The iPhone 15 lineup is expected to launch with USB-C. This transition has been welcomed by many, but now a surprising new leak claims it won’t be USB-C as you know it.
According to iPhone leak hub Weibo (via MacRumors), Apple plans to integrate a Lightning-like authenticator chip into the USB-C ports of all iPhone 15 models. expect this to add significant costs to all iPhone 15 accessories and potentially even constrain performance and functionality.
First introduced with Lightning in 2012, the authenticator chip confirms that accessories connected to the port have been licensed through Apple’s internal ‘MFi’ (made for iPhone/iPad) program. Royalties associated with MFi certification are not disclosed, but were previously reported as $4 per connector. Failure to obtain certification can result in reduced performance and even pop-up warnings on iPhones when accessories are connected – which is not good for the manufacturer.
Industry opinion has long argued that the control and financial benefits of the MFi Program meant that Apple would never adopt USB-C on the iPhone. But the integration of an authenticator chip into the port changes that, allowing Apple to comply with international law while maintaining an iron grip on accessory makers and licensing fees.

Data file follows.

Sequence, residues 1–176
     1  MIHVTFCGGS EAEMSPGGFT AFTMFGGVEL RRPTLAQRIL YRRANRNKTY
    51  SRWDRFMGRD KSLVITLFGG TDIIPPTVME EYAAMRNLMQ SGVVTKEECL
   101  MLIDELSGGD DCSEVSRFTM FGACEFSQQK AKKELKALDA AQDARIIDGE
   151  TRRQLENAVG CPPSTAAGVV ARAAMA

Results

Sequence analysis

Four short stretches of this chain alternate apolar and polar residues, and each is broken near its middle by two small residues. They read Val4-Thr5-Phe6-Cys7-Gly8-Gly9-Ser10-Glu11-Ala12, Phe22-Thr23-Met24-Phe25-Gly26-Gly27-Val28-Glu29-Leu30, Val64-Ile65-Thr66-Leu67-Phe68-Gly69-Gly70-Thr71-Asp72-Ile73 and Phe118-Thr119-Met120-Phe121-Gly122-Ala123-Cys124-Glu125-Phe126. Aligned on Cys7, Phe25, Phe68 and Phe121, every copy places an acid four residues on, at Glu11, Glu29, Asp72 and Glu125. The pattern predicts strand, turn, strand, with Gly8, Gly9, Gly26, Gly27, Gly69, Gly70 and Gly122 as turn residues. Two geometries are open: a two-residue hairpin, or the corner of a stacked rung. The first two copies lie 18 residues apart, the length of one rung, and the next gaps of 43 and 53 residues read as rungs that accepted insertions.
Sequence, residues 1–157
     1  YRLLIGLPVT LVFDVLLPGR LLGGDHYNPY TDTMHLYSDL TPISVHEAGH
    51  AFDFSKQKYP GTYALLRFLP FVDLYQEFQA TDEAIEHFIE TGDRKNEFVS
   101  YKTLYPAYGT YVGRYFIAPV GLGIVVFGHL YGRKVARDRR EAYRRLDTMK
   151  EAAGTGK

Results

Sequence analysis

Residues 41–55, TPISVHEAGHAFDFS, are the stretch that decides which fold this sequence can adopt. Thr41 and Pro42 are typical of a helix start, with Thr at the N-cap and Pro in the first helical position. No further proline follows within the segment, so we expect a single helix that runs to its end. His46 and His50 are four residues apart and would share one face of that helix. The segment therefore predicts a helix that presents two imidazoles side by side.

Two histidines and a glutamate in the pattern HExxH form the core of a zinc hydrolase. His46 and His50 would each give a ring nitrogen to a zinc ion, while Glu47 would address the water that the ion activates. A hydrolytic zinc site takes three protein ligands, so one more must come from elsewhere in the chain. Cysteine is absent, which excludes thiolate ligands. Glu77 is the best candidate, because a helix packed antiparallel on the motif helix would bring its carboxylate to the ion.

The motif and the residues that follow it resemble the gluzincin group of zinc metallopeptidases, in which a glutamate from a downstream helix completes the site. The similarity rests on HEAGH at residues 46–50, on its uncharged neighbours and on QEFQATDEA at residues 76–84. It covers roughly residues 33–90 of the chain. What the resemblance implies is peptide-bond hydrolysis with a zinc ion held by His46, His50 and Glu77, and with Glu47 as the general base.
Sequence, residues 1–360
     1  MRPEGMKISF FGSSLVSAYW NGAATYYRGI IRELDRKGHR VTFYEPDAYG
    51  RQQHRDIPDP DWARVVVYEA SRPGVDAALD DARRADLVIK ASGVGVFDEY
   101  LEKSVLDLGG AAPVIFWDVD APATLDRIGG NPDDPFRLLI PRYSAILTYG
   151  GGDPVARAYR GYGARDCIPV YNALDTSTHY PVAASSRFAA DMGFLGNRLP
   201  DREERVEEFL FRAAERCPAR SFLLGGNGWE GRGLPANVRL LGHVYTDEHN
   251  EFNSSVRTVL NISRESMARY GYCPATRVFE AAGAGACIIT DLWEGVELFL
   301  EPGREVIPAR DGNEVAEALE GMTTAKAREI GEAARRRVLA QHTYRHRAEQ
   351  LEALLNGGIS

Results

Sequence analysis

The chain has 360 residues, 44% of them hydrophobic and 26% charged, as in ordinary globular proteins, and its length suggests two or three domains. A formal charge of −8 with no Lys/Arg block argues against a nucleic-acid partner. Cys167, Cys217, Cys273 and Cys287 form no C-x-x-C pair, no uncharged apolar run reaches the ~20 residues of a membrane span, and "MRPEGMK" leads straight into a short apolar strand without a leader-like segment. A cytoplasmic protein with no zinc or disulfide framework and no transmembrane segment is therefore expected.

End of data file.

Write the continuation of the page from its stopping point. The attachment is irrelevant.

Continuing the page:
Furthermore, Apple would have a strong case for all this financial and functional control. Despite its 2014 release, bad USB-C cables can still be dangerous, so Apple might market the chip to protect you and your new iPhone 15. Afterwards, any manufacturer without an MFi license would seem to have something to hide.
It’s worth noting that Apple didn’t add an authenticator chip to the iPad or MacBook ranges when those lines moved to USB-C. Then again, these ranges don’t come close to generating the same revenue as iPhones, and they can always follow after the iPhone – arguably their stickiest product – gives way.
If the leak is correct, this will be another monetization masterstroke from Apple. Daring to be bolder than its rivals while likely earning kudos for protecting users. Well played, Apple, well played.
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